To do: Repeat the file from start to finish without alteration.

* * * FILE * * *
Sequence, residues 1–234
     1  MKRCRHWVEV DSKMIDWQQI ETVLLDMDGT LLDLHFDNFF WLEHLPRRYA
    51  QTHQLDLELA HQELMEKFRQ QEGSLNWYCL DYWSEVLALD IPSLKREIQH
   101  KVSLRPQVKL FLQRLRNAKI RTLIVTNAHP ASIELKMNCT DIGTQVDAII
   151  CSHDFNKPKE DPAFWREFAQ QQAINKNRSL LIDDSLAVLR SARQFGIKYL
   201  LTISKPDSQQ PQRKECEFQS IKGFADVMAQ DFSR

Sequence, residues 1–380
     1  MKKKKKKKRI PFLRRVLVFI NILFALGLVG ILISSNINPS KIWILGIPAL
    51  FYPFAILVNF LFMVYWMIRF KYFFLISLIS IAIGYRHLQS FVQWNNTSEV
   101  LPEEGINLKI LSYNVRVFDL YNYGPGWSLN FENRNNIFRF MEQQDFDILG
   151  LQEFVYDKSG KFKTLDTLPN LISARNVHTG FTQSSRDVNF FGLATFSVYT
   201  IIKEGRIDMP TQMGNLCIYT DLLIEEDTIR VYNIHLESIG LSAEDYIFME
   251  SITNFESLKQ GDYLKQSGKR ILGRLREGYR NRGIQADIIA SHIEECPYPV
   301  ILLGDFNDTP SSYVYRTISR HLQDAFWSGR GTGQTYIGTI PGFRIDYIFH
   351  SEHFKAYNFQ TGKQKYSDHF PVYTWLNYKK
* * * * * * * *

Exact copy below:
Sequence, residues 1–234
     1  MKRCRHWVEV DSKMIDWQQI ETVLLDMDGT LLDLHFDNFF WLEHLPRRYA
    51  QTHQLDLELA HQELMEKFRQ QEGSLNWYCL DYWSEVLALD IPSLKREIQH
   101  KVSLRPQVKL FLQRLRNAKI RTLIVTNAHP ASIELKMNCT DIGTQVDAII
   151  CSHDFNKPKE DPAFWREFAQ QQAINKNRSL LIDDSLAVLR SARQFGIKYL
   201  LTISKPDSQQ PQRKECEFQS IKGFADVMAQ DFSR

Sequence, residues 1–380
     1  MKKKKKKKRI PFLRRVLVFI NILFALGLVG ILISSNINPS KIWILGIPAL
    51  FYPFAILVNF LFMVYWMIRF KYFFLISLIS IAIGYRHLQS FVQWNNTSEV
   101  LPEEGINLKI LSYNVRVFDL YNYGPGWSLN FENRNNIFRF MEQQDFDILG
   151  LQEFVYDKSG KFKTLDTLPN LISARNVHTG FTQSSRDVNF FGLATFSVYT
   201  IIKEGRIDMP TQMGNLCIYT DLLIEEDTIR VYNIHLESIG LSAEDYIFME
   251  SITNFESLKQ GDYLKQSGKR ILGRLREGYR NRGIQADIIA SHIEECPYPV
   301  ILLGDFNDTP SSYVYRTISR HLQDAFWSGR GTGQTYIGTI PGFRIDYIFH
   351  SEHFKAYNFQ TGKQKYSDHF PVYTWLNYKK